YOU ARE HERE: LAT HomeCollections

The Bad Seed

IN THE FALL A Novel By Jeffrey Lent; Atlantic Monthly Press: 560 pp., $25

May 07, 2000|HENRY MAYER | Henry Mayer is the author of "All on Fire: William Lloyd Garrison and the Abolition of Slavery," which won the J. Anthony Lukas Book Prize and was a finalist for the 1998 National Book Award. He is at work on a biography of the photographer Dorothea Lange

Jeffrey Lent's ambitious first novel, "In the Fall," is a wide-screen historical novel that is meant to pivot on the provocative--and resurgently contemporary--issue of interracial sexual relationships. The book is written with such somber grace and compelling period detail that its failure to address its theme in any meaningful way is both regrettable and symptomatic of how readily this issue, which pierces the heart of the American experience, can be trivialized into a box-office gimmick.

"In the Fall" begins in the aftermath of the Civil War, when a Vermont soldier, Norman Pelham, brings home as his wife a young fugitive slave, Leah Mebane, who rescued him after he had been left for dead on the battlefield outside Richmond. Their cold reception frames the first third of the novel, as Lent portrays the vicissitudes of their relationship and Leah's gradual mental collapse under the burdens of her enslaved past and racial isolation in the rural community.

"In the Fall," though entertaining, fails to weave a spell, and the reader remains an onlooker, rather than a participant, in another world. The novel is ultimately driven by character, not story or theme, and Lent abruptly flashes forward to the early 20th century, dropping Norman and Leah's story to trace, in a long and meandering middle section, the career of their youngest child, the runaway Jamie Pelham, as a bootlegger in the resort district of the White Mountains. The hotel settings are vivid and the whiskey business described with a gift for textured detail Lent also brings to Vermont farm routines, but Jamie is a repellent character--self-absorbed, mercurial and violent--and his passionate relationship with Joey, a hard-as-nails torch singer, unfolds in hackneyed scenes. Only a few glances in the direction of the discrimination endured in waspish New England by Joey's [nee "Joie"] French-Canadian family recall the theme with which the novel began.

The author tries to get back on track when, after a cunningly plotted act of revenge eliminates Jamie (Joey has already perished, in the great flu epidemic of 1918), Lent brings their nearly grown son, Foster, back to Vermont in search of his father's long-suppressed history. The boy is an implausible but winning combination of innocence and sensitivity, and the bond he forges with his aunts is an emotional high point of the saga.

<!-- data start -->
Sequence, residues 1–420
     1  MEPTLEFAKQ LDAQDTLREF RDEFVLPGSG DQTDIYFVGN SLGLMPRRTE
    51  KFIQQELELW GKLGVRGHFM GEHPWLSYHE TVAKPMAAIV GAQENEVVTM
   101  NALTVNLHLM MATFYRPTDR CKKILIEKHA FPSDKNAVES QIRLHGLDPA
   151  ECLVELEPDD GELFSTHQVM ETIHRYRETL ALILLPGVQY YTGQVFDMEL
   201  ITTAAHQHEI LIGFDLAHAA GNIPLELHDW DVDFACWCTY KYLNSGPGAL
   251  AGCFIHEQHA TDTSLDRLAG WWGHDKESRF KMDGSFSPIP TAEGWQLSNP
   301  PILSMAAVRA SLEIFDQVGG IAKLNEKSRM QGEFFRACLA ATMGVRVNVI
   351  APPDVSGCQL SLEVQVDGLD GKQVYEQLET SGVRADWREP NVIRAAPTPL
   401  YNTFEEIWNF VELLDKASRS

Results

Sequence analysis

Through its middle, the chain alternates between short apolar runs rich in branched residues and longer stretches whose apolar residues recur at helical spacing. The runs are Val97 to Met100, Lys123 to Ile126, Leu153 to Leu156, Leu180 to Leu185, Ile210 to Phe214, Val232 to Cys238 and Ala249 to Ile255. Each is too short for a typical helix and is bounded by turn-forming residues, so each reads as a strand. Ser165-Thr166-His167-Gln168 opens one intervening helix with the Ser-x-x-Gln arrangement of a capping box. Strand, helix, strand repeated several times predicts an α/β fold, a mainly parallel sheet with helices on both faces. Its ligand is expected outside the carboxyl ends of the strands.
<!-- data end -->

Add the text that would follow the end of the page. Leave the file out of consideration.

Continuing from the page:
Though Jamie had successfully "passed" in white society and Foster has no qualms about his mainstream identity, he takes the quest for his grandmother Leah's story into North Carolina, where he conveniently finds the young master Leah had beaten and left for dead after he had attempted to rape her. Now an aged and gabby character, the former owner teases Foster with kernels of conflicting information. Foster (and perhaps the author) remains oblivious to the ambiguities in the old man's vengeful tale.

There are some neo-Faulknerian rumblings, to be sure. "Slavery he knew then was not the whips and chains of the school history books," Foster thinks, "but some stain far greater and deeper, something that had been unleashed and then bloomed up, between and within at once, both races, white and black, forever and without surcease, tenacious, untouchable and unchangeable. And wondered how a man might know this and go on." He seems satisfied to leave it at that and heads west with a lubricious young Carolina cousin, two young people, each with a trace of the tar brush, lighting out for the territory in an unworthy denouement.

The family saga is an honorable genre, but "In the Fall" is too disconnected, too preoccupied with the central romance in each generation, to probe the continuities and conflicts among the generations in any meaningful way. Time passes, the background changes, but new figures simply pop up like cutouts in a diorama. Lent shifts the theme of his novel from whether relationships may transcend socially imposed racial categories to how slavery has warped American society. Yet for us today, the "stain far greater and deeper" is the racism of the century-long refusal to honor the promises made in the aftermath of the war that still fascinates us as an occasion for historical romance.

Los Angeles Times Articles